For simplicity's sake I use standard D&D values for gems and jewelry, but translate them as silver rather than gold. Thus, a standard amethyst is worth 100 sp, a black pearl worth 500 sp, and a blue diamond worth 5,000 sp.
Naturally, the standard D&D list does not, for whatever reason, list a standard ruby, only a star ruby (which has no meaning in 3.5, unlike earlier editions). As the star ruby and star sapphire, along with other rich corundums were placed at the base 1,000 gp level, I put base rubies and sapphires at the 500 gp base, which would place them at the base 500 sp level for Conan.
Blood rubies are actually a specific type of ruby...
"The most preferred color is a deep blood red with a slightly bluish hue. Such ruby is known as "Burmese Ruby" or "Pigeon's Blood Ruby". Ruby from Burma is famous for its exceptional coloring. However, Burmese ruby rarely exceeds several carats; large flawless Burmese rubies can be worth millions of dollars. Most rubies on the market are from Thailand, and these rubies have a brownish hue. They can be heat-treatmed to improve color. "
So you are looking at a medium-sized chest filled with a *lot* of small, extremely valuable rubies. I'd call them all between standard and star ruby value, say around base 750 sp per carat.
These are the sizes I use for chests, from the following site:
Large 2 gp 400 lb. 25 cu. ft. 250 lb.
Medium 2 gp 100 lb. 8 cu. ft. 80 lb.
Small § 2 gp 25 lb. 2 cu. ft. 20 lb.
The medium chest is supposed to be 1 ft x 2 ft x 4 ft, but I'd figure a gem chest would be 2 x 2 x 2, still holding eight cubic feet and 80 pounds.
Unfortunately, gemstone weight does not equal a standard gemstone size. Fortunately, 1 carat rubies in a round cut are generally 5 mm round and 3 mm deep; let's call it 5mm round entirely to keep it simple, with about eight carats per cubic centimeter. 1 cubit inch equals about 15.5 cubic centimeters, giving us room for 124 carats per cubic inch. There are 13,824 cubic inches in eight cubic feet, for a total maximum of 1,714,176 total carats in a full medium chest. At 750 sp per carat, the chest should hold about 1,285,632,000 sp value in rubies. However, as that would weigh 150,000 pounds (200mg per carat), that isn't going to work.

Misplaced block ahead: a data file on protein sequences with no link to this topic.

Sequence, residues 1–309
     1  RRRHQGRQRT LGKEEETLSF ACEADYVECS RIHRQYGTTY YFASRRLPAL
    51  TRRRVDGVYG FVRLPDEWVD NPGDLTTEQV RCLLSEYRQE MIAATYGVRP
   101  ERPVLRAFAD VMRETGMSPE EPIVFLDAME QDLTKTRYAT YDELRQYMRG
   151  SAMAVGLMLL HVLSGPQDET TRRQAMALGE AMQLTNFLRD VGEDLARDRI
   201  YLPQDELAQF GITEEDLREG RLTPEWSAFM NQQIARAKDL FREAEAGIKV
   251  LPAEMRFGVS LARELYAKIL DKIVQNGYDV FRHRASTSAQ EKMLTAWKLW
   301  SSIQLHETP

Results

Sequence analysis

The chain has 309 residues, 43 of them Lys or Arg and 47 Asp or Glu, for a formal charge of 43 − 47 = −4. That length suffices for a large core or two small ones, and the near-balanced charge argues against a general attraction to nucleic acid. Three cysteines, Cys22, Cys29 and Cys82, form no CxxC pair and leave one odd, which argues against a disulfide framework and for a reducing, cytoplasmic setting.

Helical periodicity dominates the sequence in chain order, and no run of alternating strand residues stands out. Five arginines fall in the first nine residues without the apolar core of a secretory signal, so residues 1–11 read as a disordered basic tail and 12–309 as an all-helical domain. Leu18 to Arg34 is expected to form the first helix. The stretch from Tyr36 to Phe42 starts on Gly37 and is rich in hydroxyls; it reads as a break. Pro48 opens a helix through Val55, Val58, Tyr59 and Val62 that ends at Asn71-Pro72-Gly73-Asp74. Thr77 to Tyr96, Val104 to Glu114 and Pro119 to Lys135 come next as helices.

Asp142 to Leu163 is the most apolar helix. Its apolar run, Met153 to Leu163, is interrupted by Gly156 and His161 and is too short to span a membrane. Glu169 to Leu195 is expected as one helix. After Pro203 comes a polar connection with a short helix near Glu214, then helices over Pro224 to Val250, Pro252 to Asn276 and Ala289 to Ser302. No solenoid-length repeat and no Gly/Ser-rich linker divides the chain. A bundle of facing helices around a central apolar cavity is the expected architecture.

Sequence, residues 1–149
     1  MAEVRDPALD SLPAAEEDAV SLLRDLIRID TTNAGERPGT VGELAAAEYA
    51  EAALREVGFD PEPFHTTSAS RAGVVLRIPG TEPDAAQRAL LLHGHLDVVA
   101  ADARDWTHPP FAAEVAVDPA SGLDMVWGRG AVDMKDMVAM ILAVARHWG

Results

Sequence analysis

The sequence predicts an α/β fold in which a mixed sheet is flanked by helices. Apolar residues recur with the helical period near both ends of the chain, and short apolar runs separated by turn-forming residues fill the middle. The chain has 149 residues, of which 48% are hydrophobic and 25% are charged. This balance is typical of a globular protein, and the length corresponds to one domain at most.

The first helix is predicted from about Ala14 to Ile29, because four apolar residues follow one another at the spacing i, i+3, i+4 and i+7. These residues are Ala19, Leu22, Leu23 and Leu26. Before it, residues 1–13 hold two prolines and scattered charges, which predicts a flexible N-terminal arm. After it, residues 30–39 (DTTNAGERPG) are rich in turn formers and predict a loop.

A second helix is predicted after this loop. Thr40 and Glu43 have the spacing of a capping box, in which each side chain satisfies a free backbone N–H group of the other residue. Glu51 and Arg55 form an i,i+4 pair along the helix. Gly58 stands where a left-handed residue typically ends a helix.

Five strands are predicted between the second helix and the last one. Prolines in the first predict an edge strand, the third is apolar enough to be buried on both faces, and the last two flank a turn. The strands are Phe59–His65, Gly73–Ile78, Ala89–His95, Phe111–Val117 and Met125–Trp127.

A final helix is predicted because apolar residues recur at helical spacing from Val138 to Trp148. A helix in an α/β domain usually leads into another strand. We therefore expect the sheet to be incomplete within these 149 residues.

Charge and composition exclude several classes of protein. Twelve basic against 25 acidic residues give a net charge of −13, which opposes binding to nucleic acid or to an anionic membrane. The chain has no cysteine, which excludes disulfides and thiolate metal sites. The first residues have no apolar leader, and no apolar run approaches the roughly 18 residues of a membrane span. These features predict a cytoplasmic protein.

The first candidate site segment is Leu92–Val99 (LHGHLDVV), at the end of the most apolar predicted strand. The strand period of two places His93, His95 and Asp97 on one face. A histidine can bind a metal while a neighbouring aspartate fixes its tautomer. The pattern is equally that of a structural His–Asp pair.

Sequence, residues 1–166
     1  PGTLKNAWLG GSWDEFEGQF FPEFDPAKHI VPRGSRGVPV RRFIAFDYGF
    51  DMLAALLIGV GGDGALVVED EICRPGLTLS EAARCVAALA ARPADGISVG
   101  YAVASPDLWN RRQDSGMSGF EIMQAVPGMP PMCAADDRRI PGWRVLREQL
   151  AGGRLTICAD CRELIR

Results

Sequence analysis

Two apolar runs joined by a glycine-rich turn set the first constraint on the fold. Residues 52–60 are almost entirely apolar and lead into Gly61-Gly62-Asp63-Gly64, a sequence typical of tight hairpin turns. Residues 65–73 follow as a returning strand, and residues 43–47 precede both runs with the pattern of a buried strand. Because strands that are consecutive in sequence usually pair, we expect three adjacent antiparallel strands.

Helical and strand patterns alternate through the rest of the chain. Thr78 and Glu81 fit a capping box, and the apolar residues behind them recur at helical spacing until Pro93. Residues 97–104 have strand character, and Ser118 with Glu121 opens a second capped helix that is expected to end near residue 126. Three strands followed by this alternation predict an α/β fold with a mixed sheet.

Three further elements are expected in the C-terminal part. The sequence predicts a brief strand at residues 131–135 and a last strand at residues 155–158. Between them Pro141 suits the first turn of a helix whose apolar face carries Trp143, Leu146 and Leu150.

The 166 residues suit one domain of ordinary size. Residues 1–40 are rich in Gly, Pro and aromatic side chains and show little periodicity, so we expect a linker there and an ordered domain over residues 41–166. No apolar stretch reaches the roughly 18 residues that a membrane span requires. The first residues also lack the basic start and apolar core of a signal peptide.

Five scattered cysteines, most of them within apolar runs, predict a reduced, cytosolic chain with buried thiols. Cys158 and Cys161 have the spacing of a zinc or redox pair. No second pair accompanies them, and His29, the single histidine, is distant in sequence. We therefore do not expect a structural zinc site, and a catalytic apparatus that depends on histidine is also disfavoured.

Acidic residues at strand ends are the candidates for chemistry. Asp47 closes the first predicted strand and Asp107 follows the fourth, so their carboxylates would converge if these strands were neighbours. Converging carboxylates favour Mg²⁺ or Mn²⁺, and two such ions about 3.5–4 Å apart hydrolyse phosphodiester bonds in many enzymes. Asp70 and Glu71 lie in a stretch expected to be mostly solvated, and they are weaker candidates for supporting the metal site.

So let's look at this from the perspective of the weight a chest can carry. 80 pounds equals 36,287,392 mg. At 200 mg/carat, that's a maximum of 181,437 carats weight, or a total value of about 136,077,750 sp of blood rubies. Average each blood ruby at about three carats ("several"), or about 2,250 sp each, for about 60,000 rubies in the chest. That would place three blood rubies at the value of a suit of plate armor, the whole chest able to equip an army 10,000 strong, or build 10 king's castles (@120,000 sp each). That actually sounds more reasonable. But the king of Kusan is pretty damn stupid to keep his entire treasury in blood rubies in a single chest...
Note that a small container 2.5" x 2.5" x3" tightly holds 150 gaming stones; each is about the size of a 3-carat ruby. That's 18.75 sq inches. 60,000 take up 400 times that, or 7,500 square inches, meraning the 2' x 2' x 2' chest is filled yo about 13 inches deep, or thereabouts.
So the player's get half of that, about 30,000 rubies with a total value of about 68 million silvers. They can now raise a free company about 10,000 strong and arm them very well, or buy several large duchies in any of the Hyborian kingdoms...
Of course, most of their reward might disappate upon being hit by sunlight, or melt into wine, or just end up being glassy beads...
As for the jeweled necklace, I'd go with the D&D value in silvers, about 3,500 sp, and about 1,200 sp for the gold armbands, assuming they are the serpentine style with little or no gem ornamentation.